Durnford chose to believe the order meant he was being called forward, via the camp, to join the main battle to the south. This is certainly what he personally wanted. Furthermore, his mounted troops were more suited to a mobile role as part of the main battle, than the static defence of a camp. If his move had been to facilitate the defence of the camp, Durnford would have reasoned the orders would have made clear his independent command was at an end and he was taking command of the camp from its present commander Lt Col Pulleine, who he out ranked. Since, the orders were silent on this point, it is reasonable Durnford would assume the camp was simply a transit point pending the arrival of more instructions for the main battle elsewhere.

The ambiguous orders to Durnford and Pulleine were the very heart of the matter. They were created in the middle of night by Lord Chelmsford and two staff officers, Lt Col Crealock and Major Clery. Chelmsford had been woken by Clery to be told there was a major Zulu force a few miles to the south of Isandlwana. Chelmsford incorrectly believed he had finally found the Zulu Army which he feared was trying to avoid battle. He therefore gave orders that: Col Glyn and much of the combat power at Isandlwana was to head south for the main fight; the remainder was to remain to guard the camp; and that Durnford was to be summoned to join their column at Isandlwana. Clery got these verbal instructions and went off to tell the officers concerned in person but Pulleine who would remain and command the camp was further away so he wrote a note that started “You will be in command of the camp”. No mention of Durnford. He also instructed Pulleine to pull in the defences and be ready to send ammunition south to support Glyn in what everyone hoped would be the decisive battle of the whole war. Pulleine did little about pulling in the defences.

Crealock, Chelmsford’s personal staff officer, quite properly took the task of telling Durnford away from Clery and wrote the order himself. Glyn, the column commander who might have intervened to resolve the issue of the command of the camp was not present. Thus, the orders went to Pulleine and Durnford via two different people, Crealock and Clery. It did not help that these two staff officers hated each other and so there was no clarifying conversation in the margins about the command of camp. Crealock later claimed to the Board of Inquiry that he ordered Durnford in writing to take command of the camp but this was latter shown to be false. This claim lay at the heart of the effort to blame Durnford after the event. [1]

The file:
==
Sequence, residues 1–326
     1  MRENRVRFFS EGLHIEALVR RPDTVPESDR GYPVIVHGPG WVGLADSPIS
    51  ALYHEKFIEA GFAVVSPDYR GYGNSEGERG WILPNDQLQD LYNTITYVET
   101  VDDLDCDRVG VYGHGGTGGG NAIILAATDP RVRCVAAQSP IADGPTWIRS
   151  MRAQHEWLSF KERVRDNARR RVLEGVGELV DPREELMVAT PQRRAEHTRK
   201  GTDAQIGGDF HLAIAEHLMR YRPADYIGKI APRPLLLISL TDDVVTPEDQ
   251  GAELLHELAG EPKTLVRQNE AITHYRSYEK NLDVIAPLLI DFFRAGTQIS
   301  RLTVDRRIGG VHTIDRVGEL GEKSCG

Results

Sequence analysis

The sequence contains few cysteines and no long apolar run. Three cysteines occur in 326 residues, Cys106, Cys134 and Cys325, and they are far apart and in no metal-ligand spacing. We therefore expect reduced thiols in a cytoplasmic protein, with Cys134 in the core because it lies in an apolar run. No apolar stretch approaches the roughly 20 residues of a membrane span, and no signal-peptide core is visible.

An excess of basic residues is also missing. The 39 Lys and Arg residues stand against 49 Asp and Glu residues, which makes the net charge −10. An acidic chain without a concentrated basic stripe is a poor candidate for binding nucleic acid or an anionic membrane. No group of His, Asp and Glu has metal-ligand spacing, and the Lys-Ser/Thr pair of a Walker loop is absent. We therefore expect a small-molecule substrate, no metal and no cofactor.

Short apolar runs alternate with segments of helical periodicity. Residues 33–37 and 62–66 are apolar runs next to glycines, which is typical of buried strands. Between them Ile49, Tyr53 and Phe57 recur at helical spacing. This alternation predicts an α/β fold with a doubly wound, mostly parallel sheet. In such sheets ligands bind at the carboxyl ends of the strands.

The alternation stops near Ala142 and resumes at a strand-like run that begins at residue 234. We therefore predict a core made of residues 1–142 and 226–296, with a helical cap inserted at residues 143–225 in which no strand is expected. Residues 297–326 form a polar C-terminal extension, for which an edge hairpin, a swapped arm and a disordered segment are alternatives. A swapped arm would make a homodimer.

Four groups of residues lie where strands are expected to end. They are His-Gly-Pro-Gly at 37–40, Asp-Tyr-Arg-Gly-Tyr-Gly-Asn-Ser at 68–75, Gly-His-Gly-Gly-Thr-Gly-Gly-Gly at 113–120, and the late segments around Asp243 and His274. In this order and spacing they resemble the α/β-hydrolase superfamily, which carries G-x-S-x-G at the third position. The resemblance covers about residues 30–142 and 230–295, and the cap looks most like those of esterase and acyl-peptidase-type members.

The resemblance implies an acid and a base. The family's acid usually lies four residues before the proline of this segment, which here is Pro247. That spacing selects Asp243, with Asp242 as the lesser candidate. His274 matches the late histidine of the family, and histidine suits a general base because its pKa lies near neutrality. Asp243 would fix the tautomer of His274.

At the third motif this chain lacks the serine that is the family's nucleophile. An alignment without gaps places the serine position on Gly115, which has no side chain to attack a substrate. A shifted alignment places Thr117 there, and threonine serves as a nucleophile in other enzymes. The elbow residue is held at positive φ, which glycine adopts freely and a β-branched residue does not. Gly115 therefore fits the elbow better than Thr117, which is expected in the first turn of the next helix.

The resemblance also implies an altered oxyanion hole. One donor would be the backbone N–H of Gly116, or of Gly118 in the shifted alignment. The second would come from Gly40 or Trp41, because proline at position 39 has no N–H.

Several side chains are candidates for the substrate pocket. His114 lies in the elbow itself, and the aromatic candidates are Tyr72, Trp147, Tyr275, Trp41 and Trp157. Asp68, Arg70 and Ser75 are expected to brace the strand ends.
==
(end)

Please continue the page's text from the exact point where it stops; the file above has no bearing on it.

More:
Another cause of the debacle was the lack of preparation of the camp for defence. Even if Durnford had been told to take command of the camp he could hardly be blamed to its layout. Many officers had remarked that it was too spread out. It was then not adjusted because Chelmsford had indicated there was no time. He had also meddled in the affairs of Glyn the column commander and in doing so undermined commander most likely to have adjusted the camp layout in the days preceding the Isandlwana debacle. Chelmsford’s interference led Glyn, a competent and experienced officer, to become a passive recipient of orders. In any event the camp was too spread out and had none of the standard defensive preparations.

Durnford arrived at the camp at about 1000 on 22 Jan four hours before the camp was over run. He met Lt Col Pulleine who acknowledged Durnford as the senior officer even though he resisted certain of Durnford’s suggestions on the grounds they were not consistent with the instructions recently given by Chelmsford. The full extent of the danger to the camp was at that point unclear. There were Zulus to the north which were being effectively engaged. There were Zulus to the south which were assumed to be threatening either the camp or the rear of Glyn’s column which had just marched south. Dunford had interpreted his orders as meaning he was to join the main battle to the south and he certainly wanted to do that.

But, Durnford was not only senior to Pulleine but he was also an acknowledged expert on the Zulus and their methods of war. The question of blame in the end hinges on how officers lead and command. On the one hand they follow orders but Durnford had no orders which specifically told him what to do at this point. On the other hand, especially in crisis, officers use their judgement and act in support of what commanders intend. Durnford, who was familiar with Zulu war methods was the person most likely to deduce the danger to the camp, but he did not.

During the crucial hour from 1000 to 1100 while Pulleine and Durnford discussed matters, Pulleine gave a detailed brief to Durnford on the observed Zulu deployments.